The missing 22%-18% in that first sentence is made up of adjectives that the distellery lovingly applies later in the description but we can’t afford them this late in the evening, so we’ll stagger home without ’em. 

ABV means alcohol by volume, so 82% should be enough to put us under the table nicely enough.

Neutral alcohol? Oh, hell, you don’t want to know. Or maybe you do but I don’t. It’s stuff you put in gin. What’s more interesting is that the concentrate is flammable, and the local fire and rescue folks spayed it with fire retardants to keep it from going whoosh. 

I had a moment of thinking I was living in a land flowing not with milk and honey but with gin and fire retardant–or gin and fire retardant and drunken, fire-proof fish–but no. Not all of those 7,039 gallons leaked out. They managed to control the leak and pump the remainder into another tanker. 

The BBC reported that people sat in their cars for up to four hours while police, fire fighters, and local drunks worked to clear up the spill. 

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The head of Prime Minister Boris Johnson’s social media team, Chloe Westley, defended someone or other against charges of misogyny by saying that young women have been “misled by feminists” into thinking they were being discriminated over pay. 

The full quote is, “Young women in Britain are being misled by feminists. Take the stories over the weekend based on ‘Equal Pay Day’. We’re told that there is a ‘gender pay gap’ between men and women, and that this is due to rampant discrimination. But this gap is simply a comparison of the average salaries of men and women: it’s not indicative of any kind of discrimination.” 

So why does this happen? Why, women’s choices, of course. Silly creatures that they are, they chose to have biological equipment that allows them to get pregnant, and a significant number of them use it. Then instead of putting the kids in a dresser drawer till they get home from work, they stay home to keep the little creatures alive. Or they pay startling amounts of money so someone else can keep them alive and go back to work, but when the kids get sick what do they do? They stay home with them. Why? That dresser drawer’s still available. 

No wonder they get paid less. If men carried on like that, I ask you, where would the human race be?

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Jacob Leeks-Mogg” took second place in a vegetable characters competition. It’s a spoof of Conservative MP Jacob Rees-Mogg, leader of the House of Commons and now famous for lounging on the Commons benches during a Brexit debate, more or less as seen here. 

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“Jacob Leeks-Mogg.” Thanks to Deb Croxford for sending me a link to this deathless piece of art, which has either wilted or been eaten by now.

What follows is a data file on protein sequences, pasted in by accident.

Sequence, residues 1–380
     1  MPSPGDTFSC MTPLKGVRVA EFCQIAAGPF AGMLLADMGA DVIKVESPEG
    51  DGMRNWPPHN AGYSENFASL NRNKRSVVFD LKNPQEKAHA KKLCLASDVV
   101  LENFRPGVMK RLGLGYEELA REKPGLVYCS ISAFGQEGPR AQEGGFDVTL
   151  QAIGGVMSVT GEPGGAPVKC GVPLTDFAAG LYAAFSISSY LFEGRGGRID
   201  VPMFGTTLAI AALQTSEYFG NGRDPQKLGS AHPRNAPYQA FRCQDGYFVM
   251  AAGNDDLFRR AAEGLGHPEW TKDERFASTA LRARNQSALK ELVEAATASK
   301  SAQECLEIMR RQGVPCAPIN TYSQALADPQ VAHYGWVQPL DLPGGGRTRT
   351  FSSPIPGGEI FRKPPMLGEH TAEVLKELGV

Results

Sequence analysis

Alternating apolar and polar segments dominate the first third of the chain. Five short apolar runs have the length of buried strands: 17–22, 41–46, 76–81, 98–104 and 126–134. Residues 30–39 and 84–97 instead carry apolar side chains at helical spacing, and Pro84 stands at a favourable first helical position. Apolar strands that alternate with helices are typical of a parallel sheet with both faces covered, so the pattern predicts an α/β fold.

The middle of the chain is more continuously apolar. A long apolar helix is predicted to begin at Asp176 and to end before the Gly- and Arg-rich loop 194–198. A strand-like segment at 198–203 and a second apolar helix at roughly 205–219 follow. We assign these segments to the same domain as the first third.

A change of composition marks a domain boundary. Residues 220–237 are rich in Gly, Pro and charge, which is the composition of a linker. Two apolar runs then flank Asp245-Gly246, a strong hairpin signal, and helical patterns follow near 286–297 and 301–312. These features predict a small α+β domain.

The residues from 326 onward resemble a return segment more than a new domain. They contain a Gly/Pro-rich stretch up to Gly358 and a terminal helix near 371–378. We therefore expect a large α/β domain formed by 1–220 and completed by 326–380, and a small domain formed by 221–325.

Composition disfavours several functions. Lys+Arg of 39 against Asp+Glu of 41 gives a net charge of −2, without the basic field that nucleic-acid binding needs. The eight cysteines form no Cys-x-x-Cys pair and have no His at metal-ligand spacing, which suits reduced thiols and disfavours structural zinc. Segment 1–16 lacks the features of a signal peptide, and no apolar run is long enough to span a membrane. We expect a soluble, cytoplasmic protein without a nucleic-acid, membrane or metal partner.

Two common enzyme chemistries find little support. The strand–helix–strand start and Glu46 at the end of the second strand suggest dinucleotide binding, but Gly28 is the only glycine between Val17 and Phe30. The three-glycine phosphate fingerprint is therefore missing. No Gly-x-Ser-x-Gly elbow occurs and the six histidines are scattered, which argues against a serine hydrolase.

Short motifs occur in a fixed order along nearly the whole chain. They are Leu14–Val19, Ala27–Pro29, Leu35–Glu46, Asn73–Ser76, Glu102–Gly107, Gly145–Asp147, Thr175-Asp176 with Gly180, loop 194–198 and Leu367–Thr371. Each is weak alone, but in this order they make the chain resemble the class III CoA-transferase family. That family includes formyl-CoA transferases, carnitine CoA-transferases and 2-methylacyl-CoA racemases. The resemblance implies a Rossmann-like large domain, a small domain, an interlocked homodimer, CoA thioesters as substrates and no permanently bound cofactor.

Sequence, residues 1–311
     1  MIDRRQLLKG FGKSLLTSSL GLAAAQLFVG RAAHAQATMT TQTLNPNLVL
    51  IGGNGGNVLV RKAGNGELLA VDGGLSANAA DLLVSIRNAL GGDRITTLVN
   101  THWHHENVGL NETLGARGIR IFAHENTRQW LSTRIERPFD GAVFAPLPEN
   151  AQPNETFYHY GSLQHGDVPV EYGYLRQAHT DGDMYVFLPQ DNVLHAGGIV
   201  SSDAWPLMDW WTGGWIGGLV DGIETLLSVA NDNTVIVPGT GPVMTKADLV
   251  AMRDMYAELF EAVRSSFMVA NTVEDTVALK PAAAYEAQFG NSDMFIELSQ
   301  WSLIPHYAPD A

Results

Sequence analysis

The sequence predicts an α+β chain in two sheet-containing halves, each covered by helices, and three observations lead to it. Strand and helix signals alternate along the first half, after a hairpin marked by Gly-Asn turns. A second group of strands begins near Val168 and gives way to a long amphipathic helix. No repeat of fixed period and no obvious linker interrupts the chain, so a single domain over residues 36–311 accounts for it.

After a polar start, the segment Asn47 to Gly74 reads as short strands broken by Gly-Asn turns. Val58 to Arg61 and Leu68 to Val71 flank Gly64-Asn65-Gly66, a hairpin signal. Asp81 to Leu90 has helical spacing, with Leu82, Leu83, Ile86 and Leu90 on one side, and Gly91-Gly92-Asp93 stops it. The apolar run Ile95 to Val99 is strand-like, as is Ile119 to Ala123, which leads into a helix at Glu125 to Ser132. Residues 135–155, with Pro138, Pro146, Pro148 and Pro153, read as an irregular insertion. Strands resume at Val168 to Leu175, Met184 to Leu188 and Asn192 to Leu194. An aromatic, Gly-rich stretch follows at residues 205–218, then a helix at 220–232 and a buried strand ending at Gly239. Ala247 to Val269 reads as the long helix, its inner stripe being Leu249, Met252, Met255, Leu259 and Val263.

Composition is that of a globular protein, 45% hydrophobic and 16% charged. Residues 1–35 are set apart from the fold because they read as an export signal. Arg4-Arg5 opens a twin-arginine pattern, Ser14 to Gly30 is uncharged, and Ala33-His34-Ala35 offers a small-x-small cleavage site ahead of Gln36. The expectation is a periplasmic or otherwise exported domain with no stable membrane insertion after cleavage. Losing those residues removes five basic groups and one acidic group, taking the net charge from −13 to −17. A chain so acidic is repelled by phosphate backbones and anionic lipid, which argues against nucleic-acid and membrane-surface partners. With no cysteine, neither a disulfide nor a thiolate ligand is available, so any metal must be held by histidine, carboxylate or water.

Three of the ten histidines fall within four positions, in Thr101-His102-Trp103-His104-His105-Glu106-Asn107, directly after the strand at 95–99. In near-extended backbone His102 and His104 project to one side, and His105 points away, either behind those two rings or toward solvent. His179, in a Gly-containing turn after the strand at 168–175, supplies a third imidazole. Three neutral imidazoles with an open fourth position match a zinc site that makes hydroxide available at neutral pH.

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Meanwhile, in the U.S., two scientists in New Jersey found a baby two-headed rattlesnake. Since both scientists are named Dave, they named the snake Double Dave and took it into protective custody. Two heads, it turns out, are not better than one. They make the snake slow, and since they both operate independently they sometimes fight over food, not understanding that it doesn’t matter who swallows the food, it goes into a shared digestive system.

There’s a moral in there somewhere, for all of us.

The snake wouldn’t be likely to survive in the wild.

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And since we’re dropping in on other countries, a cult theory holds that Bielefeld, Germany’s twentieth-largest city, doesn’t exist. Don’t ask me to explain how this started, but the joke’s been going for twenty-five years and the city is now running a contest, offering a million euros to anyone who can prove that it doesn’t exist. 

Bielefeld climate change activists are offering the same amount to anyone who can prove climate change isn’t happening.

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In France, a court ruled that a rooster named Maurice can keep crowing. A couple–retired farmers, ironically–had complained about Maurice, and the case has been working its way through the courts for two years, sparking a social media I am Maurice campaign.

Other complaints about rural noises have targeted frogs, cicadas, ducks, and geese. 

Humans are a difficult species.

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Before we leave, let’s go back to Britain for a feel-good story. Bradford was once home to a bustling Jewish community, but the 2011 census records only 299 residents who identify themselves as Jewish. (It’s hard to know what that means, since the question might have been about religion or it might have been about ethnicity. But never mind–that’s a side issue.) Bradford’s lone synagogue was down to 45 members and almost shut down in 2013, when the cost of fixing the roof outran the outran the money it could raise. (Forgive me for even bothering to say this, but some people still need to hear it: Whatever you’ve been told, not all Jews are rich. We cover the full economic spectrum. And, oddly enough, we don’t run the world.)